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Dear Dr. Vinny,
What is bottle shock, and is it true that a bottle that’s been opened immediately after lying on its side for a while suffers from this condition? Should I let my bottles stand upright for a few hours before opening them?
—Glenn L., Singapore
“Bottle shock” or “bottle sickness” are terms used to describe a temporary condition in a wine where its flavors are muted or disjointed. There are two main scenarios when bottle shock sets in: either right after bottling, or when wines (especially fragile older wines) are shaken in travel. Usually a few days of rest is the cure. The evidence for this phenomenon is more anecdotal than scientific, but the theory is that all the complex elements in wine (phenolics, tannins and compounds) are constantly evolving, both on their own and in relation to each other. Heat or motion can add stress to this evolution, causing the wine to shut down temporarily.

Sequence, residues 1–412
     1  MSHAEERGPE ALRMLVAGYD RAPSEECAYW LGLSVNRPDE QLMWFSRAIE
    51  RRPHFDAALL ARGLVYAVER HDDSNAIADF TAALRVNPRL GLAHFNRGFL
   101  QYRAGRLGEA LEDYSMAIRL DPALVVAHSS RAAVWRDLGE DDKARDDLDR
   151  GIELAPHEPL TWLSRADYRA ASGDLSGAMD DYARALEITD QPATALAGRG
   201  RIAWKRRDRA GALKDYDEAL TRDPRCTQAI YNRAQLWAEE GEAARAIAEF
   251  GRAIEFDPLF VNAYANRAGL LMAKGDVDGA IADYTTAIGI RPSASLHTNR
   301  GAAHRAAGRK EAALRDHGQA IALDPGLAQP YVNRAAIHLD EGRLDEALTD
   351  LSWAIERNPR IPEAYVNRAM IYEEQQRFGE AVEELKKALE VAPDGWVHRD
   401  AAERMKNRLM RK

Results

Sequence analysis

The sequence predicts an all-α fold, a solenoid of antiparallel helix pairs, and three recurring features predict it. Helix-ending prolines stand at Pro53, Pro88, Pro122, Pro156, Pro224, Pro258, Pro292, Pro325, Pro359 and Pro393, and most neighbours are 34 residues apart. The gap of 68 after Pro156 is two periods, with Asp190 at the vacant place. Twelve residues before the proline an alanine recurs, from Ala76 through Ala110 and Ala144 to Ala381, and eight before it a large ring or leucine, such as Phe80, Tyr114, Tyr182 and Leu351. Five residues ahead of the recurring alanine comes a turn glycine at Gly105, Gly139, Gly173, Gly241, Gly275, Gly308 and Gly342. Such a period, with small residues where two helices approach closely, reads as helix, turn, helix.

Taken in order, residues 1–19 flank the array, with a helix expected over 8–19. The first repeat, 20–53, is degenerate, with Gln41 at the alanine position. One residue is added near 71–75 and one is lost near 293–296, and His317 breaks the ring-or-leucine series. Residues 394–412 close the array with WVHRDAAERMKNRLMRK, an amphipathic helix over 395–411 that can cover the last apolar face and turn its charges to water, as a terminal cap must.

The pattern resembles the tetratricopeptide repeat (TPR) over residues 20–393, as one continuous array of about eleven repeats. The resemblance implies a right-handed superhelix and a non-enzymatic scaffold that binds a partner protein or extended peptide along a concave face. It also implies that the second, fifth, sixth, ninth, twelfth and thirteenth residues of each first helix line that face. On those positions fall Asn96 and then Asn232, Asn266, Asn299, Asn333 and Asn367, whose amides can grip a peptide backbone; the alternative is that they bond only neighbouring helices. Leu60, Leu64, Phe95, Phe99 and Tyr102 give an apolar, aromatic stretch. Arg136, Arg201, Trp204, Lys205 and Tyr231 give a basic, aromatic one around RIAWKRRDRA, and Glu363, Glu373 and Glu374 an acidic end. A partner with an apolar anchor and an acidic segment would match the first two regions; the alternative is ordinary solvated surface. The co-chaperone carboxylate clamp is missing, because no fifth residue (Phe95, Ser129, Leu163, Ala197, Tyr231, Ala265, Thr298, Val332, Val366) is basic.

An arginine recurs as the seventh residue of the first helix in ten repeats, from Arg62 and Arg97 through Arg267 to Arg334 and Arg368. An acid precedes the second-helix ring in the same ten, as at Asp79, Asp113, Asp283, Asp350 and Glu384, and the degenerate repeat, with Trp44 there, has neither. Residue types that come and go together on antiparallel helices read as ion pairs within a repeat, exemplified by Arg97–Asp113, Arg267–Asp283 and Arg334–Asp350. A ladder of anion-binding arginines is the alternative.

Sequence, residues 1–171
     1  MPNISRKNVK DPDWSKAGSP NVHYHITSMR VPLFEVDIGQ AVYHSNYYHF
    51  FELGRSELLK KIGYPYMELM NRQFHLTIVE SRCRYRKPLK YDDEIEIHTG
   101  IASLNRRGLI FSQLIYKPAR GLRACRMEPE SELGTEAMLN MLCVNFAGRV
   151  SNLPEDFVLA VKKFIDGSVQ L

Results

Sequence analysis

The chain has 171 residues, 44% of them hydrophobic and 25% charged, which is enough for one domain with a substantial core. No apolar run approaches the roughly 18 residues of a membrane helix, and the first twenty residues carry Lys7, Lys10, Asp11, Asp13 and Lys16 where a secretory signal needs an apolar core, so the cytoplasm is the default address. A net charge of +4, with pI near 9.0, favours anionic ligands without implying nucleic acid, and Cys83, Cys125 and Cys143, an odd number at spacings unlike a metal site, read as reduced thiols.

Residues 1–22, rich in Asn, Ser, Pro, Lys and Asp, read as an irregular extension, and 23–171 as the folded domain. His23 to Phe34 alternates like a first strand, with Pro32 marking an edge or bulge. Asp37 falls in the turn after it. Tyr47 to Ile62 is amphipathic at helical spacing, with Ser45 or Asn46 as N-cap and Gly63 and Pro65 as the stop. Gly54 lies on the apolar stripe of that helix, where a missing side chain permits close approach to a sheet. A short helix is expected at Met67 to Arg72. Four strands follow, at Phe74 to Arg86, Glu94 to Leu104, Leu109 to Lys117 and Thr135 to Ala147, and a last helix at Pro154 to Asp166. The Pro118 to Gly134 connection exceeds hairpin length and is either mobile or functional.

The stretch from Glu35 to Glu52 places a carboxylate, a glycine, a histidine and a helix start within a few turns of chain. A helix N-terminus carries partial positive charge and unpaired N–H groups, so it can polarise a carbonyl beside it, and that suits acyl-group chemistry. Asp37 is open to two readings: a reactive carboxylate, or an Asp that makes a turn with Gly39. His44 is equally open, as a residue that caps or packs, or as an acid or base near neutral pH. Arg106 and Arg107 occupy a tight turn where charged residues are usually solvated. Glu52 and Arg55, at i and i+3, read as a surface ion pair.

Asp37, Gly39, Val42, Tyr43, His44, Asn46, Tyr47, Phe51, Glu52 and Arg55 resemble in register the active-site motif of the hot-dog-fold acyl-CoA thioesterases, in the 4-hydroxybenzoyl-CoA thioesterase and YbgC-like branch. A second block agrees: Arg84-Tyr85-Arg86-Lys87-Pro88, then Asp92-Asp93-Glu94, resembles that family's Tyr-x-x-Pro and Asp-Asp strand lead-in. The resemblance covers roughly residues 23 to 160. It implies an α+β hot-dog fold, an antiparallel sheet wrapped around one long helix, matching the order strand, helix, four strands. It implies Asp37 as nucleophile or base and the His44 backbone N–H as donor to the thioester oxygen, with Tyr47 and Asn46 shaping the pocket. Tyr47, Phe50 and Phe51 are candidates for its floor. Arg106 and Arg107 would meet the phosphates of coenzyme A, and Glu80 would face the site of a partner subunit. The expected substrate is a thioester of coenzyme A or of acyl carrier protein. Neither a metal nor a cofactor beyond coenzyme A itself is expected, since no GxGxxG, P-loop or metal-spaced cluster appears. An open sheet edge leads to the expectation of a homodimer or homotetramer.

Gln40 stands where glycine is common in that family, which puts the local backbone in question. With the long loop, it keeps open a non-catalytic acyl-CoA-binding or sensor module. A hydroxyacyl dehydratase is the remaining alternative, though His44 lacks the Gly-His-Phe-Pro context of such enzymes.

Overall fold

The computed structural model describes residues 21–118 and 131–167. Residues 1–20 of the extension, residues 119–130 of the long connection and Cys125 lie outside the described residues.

Most wines are fine if you take them from a lying-down position to an upright one. It’s the older, more fragile bottles that need special handling. When a wine hits the 10-year mark or so, there’s probably a fair bit of sediment in it. Sediment is a byproduct of aging wine, as phenolic molecules combine to form tannin polymers that precipitate out of the liquid. Disturbing the sediment won’t necessarily cause the wine to go into bottle shock, but it might be unpleasant to have all that gritty sediment floating around in your wine.What to do next is a point not always agreed upon. Many people—myself included—will stand an older bottle upright for at least a couple of days before opening it and decanting it off its sediment. Others say this will disturb the wine too much, and that the sediment will be so released into suspension it will take months to clear up. But if the wine in question is relatively new, without any sediment, you don’t have to worry about it.
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